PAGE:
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October 1, 2013 1:40 pm

Netanyahu Warns UN of Rouhani ‘Ruse’, Says ‘Israel Will Not Allow Iran to Get Nuclear Weapons’

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Israeli PM Benjamin Netanyahu addresses the UN, October 1, 2013. Photo: Screen shot.

Israeli Prime Minister Benjamin Netanyahu closed out the UN General Assembly on Tuesday by warning the world not to fall prey to the “charm offensive” of Iran’s new President Hassan Rouhani, adding that if it did, Israel would “stand alone and know that we will be defending many, many others,” who could be victims of a nuclear-armed Iran.

“I wish I could believe Rouhani, but I don’t because facts are stubborn things. And the facts are that Iran’s savage record flatly contradicts Rouhani’s soothing rhetoric,” Netanyahu said, referring to the Iranian leader’s kinder, gentler words as “a ruse, a ploy.”

Since taking office in August, Rouhani has served up conciliatory remarks and expressed his desire to reach a diplomatic solution to his country’s stand-off with the West over its nuclear program.

“Ahmadinejad was a wolf in wolf’s clothing. Rouhani is a wolf in sheep’s clothing,” Netanyahu said, referring to the current president’s predecessor, who often used the UN General Assembly to attack Israel.

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“Like everyone else, I wish we could believe Rouhani’s words, but we must focus on Iran’s actions, and its the extraordinary contradiction between Rouhani’s words and Iran’s actions that is so startling,” he continued, pointing out acts of terrorism committed by the Islamic Republic since its revolution in 1979, including the bombing of a Jewish community center in Buenos Aires, Argentina in 1994 that left 85 people dead while Rouhani led Iran’s Department of Foreign Policy and National Security.

“It’s not hard to find evidence that Iran has a nuclear weapons program, it’s hard to find evidence that Iran doesn’t have a nuclear weapons program,” Netanyahu said, adding that the Islamic Republic has not crossed his ‘red line,’ but that the country is positioning itself to “race across that line in the future.”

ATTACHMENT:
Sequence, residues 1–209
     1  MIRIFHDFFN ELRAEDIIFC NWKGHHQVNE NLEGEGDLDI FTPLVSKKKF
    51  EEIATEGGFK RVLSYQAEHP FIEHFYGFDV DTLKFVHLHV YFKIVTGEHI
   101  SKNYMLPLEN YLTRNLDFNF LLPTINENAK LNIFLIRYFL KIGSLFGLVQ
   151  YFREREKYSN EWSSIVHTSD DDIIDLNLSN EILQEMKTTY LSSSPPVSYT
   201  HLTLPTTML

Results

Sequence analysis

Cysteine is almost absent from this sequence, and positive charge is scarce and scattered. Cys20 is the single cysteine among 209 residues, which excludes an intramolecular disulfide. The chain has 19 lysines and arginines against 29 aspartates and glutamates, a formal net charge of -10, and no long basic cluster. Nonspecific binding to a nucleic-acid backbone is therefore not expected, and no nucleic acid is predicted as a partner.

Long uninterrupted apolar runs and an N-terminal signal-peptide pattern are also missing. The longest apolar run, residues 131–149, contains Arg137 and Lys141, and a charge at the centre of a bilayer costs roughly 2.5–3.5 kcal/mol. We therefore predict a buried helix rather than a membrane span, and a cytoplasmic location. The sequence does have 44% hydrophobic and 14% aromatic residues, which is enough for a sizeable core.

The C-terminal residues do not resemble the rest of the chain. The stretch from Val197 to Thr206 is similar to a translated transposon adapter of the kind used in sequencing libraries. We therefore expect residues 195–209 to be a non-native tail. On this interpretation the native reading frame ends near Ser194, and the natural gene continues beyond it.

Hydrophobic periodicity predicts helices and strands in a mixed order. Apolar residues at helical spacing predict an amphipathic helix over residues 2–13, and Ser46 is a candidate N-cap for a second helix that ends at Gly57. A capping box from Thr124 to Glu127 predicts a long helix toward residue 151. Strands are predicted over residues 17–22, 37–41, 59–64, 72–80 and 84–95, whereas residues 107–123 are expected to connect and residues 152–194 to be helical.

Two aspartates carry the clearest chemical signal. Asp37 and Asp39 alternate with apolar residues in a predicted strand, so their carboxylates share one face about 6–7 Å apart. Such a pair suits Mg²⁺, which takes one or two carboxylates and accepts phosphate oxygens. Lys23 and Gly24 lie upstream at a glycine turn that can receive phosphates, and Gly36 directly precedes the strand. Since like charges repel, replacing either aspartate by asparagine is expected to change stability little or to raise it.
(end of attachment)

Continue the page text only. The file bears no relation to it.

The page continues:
“Iran wants to be in a position to build nuclear bombs before the international community can detect it and much less prevent it,” he said.

Reiterating his argument that the best way to prevent Iran from obtaining nuclear weapons is through sanctions and a credible military threat, Netanyahu admitted that the approach had, thus far, been successful, but that it hadn’t thwarted Iran’s nuclear ambitions.

“Tough sanctions have taken a big bite off the Iranian economy,” Netanyahu said.”Revenues have fallen, the currency has plummeted […] as a result the regime is under intense pressure from the Iranian people to get the sanctions relieved or removed. That’s why Rouhani got elected in the first place. That’s why he launched his charm offensive. He definitely wants to get the sanctions lifted […] but he doesn’t want to give up Iran’s nuclear weapons program in return.”

Netanyahu also equated Iran’s attempts at mollifying the West’s fears with that of North Korea which had reached a diplomatic agreement with countries to curb its nuclear program, only to test a weapon a year after promising not to do so.

Advocating for further sanctions, Netanyahu said that there should be no let up until Iran’s nuclear program has been fully dismantled.

His approach to Iran’s nuclear program would be to “distrust, dismantle and verify,”he said, concluding, “I want there to be no confusion on this point: Israel will not allow Iran to get nuclear weapons.”

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